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Poole v. State Farm Mut. Automobile Ins. Co.

Supreme Court of Wisconsin
Apr 7, 1959
7 Wis. 2d 65 (Wis. 1959)


In Poole v. State Farm Mut. Automobile Ins. Co. (1959), 7 Wis.2d 65, 95 N.W.2d 799, we discussed many cases stating or holding the mere fact of skidding will not support an inference of negligence.

Summary of this case from Abbott v. Truck Ins. Exchange Co.


March 5, 1959 —

April 7, 1959.

APPEAL from a judgment of the circuit court for Dane county: RICHARD W. BARDWELL, Circuit Judge. Affirmed.

For the appellant there were briefs by Roberts, Boardman, Suhr, Bjork Curry of Madison, and oral argument by Walter M. Bjork.

For the respondents there was a brief by John A. Lawton and Don F. Meloy, both of Madison, and oral argument by Mr. Meloy.

On August 24, 1956, Mrs. Theo Poole and her son, Richard, appearing by guardian ad litem, brought action against State Farm Mutual Automobile Insurance Company to recover for personal injuries. The injuries were sustained January 15, 1956, in a collision of two automobiles on the so-called Belt Line highway in the town of Middleton, Dane county. The collision occurred about 8:30 in the evening, and the highway was slippery.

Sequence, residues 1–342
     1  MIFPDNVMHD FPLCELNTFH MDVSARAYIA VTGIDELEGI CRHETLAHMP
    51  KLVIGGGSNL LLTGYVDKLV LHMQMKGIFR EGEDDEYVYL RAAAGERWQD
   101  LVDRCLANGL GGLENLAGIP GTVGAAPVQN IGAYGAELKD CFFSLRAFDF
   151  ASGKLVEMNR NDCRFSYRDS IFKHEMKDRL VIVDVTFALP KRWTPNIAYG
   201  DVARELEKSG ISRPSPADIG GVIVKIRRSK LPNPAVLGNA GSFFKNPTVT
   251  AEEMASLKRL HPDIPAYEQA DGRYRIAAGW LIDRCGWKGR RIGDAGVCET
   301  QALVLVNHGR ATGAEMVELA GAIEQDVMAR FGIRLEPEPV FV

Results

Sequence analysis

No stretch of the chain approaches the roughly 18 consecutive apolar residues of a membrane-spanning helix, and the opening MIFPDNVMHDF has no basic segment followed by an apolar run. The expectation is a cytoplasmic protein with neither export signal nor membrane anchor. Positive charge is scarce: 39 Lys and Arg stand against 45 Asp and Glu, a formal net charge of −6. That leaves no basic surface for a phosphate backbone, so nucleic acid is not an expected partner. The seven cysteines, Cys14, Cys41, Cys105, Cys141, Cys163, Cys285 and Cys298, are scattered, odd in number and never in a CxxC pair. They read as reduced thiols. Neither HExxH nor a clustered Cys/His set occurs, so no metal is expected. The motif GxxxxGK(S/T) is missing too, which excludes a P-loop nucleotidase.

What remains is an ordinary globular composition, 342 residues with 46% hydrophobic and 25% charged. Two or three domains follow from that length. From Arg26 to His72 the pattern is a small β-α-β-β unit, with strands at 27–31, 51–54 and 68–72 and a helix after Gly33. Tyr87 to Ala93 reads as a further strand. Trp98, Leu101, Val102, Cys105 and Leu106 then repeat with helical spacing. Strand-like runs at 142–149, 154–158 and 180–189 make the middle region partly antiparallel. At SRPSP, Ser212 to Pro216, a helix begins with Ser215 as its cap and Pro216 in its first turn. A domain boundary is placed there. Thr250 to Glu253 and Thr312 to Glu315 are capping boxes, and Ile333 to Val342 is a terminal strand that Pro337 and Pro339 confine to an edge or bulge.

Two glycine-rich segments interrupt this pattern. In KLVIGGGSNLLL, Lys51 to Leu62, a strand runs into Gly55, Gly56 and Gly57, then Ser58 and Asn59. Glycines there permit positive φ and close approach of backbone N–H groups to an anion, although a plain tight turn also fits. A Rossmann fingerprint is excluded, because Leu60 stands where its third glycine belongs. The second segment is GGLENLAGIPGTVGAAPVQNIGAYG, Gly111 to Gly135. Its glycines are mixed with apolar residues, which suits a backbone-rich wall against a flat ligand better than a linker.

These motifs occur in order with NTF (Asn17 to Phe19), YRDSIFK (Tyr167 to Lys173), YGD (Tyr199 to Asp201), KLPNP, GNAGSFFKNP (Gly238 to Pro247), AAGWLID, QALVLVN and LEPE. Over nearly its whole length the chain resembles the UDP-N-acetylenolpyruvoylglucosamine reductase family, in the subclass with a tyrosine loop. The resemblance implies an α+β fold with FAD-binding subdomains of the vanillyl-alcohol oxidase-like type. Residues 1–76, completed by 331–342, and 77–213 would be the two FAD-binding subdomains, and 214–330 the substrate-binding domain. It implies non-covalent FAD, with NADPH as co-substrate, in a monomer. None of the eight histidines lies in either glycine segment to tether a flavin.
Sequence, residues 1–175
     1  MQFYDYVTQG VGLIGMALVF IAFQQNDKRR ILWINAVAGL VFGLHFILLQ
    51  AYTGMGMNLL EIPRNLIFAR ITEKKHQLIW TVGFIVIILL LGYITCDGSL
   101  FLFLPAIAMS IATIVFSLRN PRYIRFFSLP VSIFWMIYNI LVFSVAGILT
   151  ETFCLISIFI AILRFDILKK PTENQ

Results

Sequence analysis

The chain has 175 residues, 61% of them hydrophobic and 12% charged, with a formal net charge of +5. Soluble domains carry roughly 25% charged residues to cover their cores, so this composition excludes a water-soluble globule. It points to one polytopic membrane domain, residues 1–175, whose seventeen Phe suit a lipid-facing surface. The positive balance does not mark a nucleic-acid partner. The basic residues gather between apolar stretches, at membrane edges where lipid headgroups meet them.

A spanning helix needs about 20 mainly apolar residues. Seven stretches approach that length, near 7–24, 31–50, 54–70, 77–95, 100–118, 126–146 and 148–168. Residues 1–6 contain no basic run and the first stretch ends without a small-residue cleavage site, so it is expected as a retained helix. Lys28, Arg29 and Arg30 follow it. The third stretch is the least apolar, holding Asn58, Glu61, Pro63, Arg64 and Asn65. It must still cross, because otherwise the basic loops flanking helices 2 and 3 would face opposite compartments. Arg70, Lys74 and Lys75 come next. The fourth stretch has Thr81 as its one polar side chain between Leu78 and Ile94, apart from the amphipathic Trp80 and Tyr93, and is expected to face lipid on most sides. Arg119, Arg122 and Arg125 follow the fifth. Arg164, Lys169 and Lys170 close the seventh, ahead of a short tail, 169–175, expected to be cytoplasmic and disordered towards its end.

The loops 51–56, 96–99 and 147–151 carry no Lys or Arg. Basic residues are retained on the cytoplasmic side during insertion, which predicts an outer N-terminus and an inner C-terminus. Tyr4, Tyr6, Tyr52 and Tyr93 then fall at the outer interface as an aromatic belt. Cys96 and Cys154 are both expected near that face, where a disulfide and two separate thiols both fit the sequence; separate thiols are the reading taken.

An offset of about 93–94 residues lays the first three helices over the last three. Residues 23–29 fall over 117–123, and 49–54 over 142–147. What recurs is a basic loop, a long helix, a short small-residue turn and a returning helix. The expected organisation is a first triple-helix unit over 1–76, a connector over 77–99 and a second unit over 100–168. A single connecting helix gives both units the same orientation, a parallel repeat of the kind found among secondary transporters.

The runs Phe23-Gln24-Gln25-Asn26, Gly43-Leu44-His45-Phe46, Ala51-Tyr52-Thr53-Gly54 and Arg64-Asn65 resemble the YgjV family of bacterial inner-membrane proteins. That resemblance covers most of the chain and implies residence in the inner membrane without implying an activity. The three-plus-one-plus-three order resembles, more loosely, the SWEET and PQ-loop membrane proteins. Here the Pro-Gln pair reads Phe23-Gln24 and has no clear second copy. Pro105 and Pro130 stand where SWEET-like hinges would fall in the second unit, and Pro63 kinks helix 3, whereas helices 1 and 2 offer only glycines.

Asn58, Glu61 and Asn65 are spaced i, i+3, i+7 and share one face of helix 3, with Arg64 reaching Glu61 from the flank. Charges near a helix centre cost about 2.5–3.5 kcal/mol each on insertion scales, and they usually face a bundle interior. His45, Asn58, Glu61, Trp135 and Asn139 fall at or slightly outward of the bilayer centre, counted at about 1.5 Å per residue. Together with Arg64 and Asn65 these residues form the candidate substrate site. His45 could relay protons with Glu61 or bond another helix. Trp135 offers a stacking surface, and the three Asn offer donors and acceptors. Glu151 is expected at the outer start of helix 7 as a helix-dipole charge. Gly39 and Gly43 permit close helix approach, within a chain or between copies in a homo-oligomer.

One of the cars was driven by Albert Derleth, northbound on his right-hand side of the highway. The other car, in which plaintiffs were riding, was owned by Mrs. Marion Priebe and driven by Lyle Poole, husband and father of the plaintiffs. They were traveling south, but immediately prior to the collision the Priebe car was skidding sideways toward the Derleth car, left side foremost.

Plaintiffs alleged that Mr. Poole was driving as the agent of Mrs. Priebe, who was also a passenger, and the trial court's determination, apparently as a matter of law, that agency existed has not been challenged upon appeal.

Richard Poole, who was six at the time of the accident, did not testify. None of the other occupants of the Priebe car could remember the collision or the events immediately preceding it. Derleth testified, but neither of his passengers was called to testify. There were no other eyewitnesses.